Congress Oversees Spies by Relying on Spies

It makes sense but it also shows that Congress oversees the deep state mostly nominally.

How can the deep state be so autonomous if Congress oversees it? A recent McClatchy article demonstrates what many have already figured out. Legislators don’t have the time or knowledge or experience to run intelligence agencies. Anyone who has watched the Bourne movies knows how this works. By their nature, government bureaucracies tend to find ways to get what they want from those who are supposed to oversee them. Spy agencies are no exception.

McClatchy reports, “Intelligence Committees lean on ex-spies to oversee spy agencies.

Lawmakers assigned to oversee the sprawling U.S. intelligence apparatus rely strongly on a staff that in recent years has included scores of onetime spooks, analysts and lawyers who previously worked at the spy agencies under scrutiny.

According to a comprehensive analysis by McClatchy, at least one-third, and perhaps far more, of the professional staff members who carry out the work of the House and Senate intelligence committees are themselves veterans of the agencies that the two panels oversee.

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That reliance raises questions about how effectively the two oversight committees carry out supervision of a swelling intelligence empire that now employs some 107,000 people with a combined budget projected to reach $78.4 billion next year.

Some national security experts see little problem as long as the spy agencies thwart any repeat of the Sept. 11, 2001, terror attacks – and so far, the agencies have succeeded. Their triumphs are secret, and largely unheralded.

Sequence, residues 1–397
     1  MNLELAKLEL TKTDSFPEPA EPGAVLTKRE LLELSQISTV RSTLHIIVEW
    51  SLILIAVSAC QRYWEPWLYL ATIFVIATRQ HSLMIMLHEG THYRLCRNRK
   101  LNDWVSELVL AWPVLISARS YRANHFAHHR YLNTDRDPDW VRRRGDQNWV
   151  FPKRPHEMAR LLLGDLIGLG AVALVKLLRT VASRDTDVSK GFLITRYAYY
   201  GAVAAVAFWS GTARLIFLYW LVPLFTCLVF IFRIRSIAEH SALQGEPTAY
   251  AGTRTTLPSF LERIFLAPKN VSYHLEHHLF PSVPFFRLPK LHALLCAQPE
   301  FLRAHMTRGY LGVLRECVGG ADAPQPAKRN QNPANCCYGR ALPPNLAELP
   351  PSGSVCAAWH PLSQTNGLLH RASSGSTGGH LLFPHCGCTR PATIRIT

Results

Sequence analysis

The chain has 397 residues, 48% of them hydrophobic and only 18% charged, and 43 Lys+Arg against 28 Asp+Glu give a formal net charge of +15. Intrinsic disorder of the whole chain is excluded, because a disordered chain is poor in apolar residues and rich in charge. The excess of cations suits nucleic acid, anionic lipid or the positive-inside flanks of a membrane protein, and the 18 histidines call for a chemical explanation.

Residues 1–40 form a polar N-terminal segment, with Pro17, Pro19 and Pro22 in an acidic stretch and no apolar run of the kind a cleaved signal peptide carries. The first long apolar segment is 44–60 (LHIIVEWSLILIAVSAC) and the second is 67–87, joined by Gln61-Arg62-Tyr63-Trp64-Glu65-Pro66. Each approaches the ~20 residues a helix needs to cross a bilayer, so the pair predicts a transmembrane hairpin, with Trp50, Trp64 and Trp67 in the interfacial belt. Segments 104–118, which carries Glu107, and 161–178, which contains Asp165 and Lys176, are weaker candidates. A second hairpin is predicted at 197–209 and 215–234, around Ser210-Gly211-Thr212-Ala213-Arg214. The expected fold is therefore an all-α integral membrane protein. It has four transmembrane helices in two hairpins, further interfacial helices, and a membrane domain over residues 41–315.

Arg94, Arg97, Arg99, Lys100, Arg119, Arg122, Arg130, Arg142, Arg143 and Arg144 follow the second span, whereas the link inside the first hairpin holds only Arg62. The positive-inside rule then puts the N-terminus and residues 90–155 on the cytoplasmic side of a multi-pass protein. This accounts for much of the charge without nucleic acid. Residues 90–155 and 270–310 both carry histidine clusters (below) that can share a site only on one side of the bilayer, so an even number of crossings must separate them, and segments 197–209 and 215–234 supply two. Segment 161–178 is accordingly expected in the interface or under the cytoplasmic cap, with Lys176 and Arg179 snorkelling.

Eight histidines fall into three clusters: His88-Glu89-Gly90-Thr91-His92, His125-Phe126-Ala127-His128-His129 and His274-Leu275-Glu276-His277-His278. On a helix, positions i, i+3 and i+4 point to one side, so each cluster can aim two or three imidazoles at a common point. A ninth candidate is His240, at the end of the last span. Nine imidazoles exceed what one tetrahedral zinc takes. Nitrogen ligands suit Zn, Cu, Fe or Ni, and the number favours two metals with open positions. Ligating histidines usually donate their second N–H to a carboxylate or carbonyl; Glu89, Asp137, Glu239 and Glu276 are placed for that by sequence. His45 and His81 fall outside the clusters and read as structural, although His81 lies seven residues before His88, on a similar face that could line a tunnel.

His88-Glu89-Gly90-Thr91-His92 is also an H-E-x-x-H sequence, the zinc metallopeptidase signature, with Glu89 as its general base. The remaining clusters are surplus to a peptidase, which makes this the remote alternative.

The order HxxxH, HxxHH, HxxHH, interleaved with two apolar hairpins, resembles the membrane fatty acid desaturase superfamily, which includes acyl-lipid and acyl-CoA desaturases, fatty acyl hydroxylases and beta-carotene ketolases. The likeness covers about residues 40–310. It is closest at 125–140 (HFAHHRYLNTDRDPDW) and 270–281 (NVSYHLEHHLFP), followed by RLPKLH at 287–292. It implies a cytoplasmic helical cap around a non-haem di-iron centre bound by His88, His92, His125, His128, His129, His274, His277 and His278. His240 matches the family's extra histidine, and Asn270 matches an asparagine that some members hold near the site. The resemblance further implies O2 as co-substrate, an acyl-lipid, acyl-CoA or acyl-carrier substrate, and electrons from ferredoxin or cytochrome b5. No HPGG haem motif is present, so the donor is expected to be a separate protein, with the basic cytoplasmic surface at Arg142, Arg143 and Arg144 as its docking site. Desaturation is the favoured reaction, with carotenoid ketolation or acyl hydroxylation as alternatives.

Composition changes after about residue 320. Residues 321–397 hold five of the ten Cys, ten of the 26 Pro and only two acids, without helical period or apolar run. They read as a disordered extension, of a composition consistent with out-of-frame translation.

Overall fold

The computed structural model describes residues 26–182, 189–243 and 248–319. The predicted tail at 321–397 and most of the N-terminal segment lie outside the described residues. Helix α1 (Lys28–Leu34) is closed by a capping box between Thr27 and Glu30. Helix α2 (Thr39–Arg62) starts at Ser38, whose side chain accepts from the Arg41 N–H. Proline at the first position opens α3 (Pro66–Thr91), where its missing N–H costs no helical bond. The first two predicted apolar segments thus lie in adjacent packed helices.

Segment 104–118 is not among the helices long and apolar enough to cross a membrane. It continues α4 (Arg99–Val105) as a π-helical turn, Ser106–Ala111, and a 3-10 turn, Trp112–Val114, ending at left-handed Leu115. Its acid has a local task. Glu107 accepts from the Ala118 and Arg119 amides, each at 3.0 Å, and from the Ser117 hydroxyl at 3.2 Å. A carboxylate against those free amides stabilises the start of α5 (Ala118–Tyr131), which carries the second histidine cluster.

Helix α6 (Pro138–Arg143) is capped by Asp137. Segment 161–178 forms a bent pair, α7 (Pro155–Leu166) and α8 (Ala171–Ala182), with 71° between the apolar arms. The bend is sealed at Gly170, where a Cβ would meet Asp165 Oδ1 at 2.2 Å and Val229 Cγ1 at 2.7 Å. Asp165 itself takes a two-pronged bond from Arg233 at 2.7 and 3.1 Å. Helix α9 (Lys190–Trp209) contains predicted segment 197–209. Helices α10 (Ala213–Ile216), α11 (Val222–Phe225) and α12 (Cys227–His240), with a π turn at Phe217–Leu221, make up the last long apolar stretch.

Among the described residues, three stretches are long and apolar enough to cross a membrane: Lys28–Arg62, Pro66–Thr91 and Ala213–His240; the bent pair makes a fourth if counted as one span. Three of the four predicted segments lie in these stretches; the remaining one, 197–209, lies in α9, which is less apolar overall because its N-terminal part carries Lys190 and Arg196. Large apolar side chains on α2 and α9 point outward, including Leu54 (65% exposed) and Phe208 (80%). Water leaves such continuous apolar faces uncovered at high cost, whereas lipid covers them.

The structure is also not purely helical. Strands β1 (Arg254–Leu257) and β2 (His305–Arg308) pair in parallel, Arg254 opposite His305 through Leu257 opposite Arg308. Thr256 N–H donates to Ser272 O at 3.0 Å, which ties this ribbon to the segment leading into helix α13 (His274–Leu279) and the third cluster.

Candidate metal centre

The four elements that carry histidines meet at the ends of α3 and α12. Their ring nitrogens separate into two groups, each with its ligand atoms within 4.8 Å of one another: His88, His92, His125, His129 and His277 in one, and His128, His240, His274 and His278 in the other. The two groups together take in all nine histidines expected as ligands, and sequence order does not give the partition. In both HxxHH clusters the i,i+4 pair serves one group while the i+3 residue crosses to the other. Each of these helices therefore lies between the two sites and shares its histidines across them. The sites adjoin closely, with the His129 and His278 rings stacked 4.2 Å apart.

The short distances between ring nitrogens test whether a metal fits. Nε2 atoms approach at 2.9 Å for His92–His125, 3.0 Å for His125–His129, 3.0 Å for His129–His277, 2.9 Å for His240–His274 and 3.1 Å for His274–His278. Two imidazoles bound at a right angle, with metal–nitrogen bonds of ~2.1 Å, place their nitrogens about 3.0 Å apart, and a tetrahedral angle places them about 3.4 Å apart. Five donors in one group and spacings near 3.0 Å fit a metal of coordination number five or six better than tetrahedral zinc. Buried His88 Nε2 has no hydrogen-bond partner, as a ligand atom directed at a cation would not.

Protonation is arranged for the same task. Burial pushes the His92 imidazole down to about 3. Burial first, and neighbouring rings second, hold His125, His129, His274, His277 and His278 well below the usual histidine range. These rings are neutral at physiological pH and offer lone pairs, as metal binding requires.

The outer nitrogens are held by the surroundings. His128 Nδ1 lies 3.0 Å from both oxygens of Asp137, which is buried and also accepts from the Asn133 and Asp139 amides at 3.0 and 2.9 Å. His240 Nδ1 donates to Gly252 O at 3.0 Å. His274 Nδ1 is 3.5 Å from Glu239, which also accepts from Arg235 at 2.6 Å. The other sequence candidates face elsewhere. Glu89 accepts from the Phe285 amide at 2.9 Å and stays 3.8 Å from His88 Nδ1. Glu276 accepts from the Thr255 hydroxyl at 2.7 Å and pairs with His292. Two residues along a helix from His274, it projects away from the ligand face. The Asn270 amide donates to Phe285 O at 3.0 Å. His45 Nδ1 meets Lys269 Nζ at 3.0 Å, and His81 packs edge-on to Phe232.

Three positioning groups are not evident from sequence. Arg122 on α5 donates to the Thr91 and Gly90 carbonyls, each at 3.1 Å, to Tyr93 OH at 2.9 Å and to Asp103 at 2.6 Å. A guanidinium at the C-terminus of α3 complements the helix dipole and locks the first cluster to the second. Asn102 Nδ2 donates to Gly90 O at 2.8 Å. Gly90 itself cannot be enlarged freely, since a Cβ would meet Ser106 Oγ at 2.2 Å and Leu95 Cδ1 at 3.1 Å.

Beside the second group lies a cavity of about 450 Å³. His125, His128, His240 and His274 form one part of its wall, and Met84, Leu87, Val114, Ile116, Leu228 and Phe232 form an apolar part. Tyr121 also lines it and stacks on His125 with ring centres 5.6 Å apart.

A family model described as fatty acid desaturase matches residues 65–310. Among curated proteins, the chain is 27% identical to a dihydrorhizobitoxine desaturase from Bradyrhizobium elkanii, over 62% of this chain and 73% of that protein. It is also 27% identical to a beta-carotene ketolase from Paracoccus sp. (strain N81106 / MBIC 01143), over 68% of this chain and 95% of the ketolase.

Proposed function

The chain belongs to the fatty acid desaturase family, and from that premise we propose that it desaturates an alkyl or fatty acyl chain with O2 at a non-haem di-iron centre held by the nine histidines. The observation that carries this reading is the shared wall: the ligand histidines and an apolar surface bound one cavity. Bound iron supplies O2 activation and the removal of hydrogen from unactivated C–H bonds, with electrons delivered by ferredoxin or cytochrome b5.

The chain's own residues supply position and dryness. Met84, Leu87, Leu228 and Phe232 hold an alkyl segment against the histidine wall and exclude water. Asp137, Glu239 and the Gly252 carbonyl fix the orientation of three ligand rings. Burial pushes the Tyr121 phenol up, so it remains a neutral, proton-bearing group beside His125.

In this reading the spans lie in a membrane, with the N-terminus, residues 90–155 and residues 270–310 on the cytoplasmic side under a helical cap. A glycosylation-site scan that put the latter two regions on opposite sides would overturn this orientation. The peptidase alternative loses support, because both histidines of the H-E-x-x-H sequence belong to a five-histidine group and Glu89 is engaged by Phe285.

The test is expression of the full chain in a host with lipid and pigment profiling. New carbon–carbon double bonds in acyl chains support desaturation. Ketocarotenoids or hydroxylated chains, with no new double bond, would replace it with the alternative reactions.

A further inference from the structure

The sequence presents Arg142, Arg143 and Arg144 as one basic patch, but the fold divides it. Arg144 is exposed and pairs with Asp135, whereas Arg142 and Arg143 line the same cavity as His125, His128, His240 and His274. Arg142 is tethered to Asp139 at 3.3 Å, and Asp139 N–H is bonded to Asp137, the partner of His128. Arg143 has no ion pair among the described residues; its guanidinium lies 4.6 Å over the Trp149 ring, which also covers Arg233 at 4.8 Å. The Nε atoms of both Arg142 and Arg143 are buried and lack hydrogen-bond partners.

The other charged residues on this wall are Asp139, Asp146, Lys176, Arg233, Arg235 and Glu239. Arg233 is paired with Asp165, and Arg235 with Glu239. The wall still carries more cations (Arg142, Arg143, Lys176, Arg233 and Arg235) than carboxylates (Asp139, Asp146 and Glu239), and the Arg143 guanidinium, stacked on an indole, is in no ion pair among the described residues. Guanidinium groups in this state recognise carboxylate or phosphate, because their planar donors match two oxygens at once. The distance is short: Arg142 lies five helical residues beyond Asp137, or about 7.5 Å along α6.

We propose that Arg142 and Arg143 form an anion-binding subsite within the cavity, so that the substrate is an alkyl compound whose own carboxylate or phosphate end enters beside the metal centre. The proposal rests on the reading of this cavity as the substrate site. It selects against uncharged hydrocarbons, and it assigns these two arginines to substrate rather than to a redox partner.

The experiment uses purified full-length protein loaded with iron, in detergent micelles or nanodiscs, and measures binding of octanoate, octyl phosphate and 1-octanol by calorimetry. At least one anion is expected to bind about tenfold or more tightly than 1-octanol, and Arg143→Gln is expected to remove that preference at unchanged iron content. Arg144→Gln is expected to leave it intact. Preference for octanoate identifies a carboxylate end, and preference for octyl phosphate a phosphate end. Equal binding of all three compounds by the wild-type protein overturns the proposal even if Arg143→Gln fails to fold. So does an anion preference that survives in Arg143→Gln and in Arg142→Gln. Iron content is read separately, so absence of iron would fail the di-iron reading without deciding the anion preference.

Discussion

In other areas of government, watchdog groups are legion. But the intelligence agencies operate with limited oversight, run on a long leash and pay for operations from budgets unconstrained by external audits, making it dfifficult to identify and rein in ineffective programs or outright misconduct. The task of spotting fraud, waste and abuse (never mind misplaced priorities) is challenging at best, if not impossible.


“The system isn’t perfect,” said Fred Fleitz, a former senior CIA analyst who later served as staff on the House intelligence panel. “We have fairly small committees with small staffs overseeing a huge intelligence bureaucracy of 17 intelligence entities, tens of thousands of employees and billions of dollars of spending.”

Still, Fleitz added: “I think it generally works.”

Others disagreed, saying the committees don’t have sufficient staff to do their jobs, and former employees can protect favored intelligence agencies or programs.

“The oversight committee is looking at a very big vista through a very small keyhole,” said Daniel Schuman, policy director at Demand Progress, a civil liberties and government reform group in Washington.

Read the entire McClatchy story.

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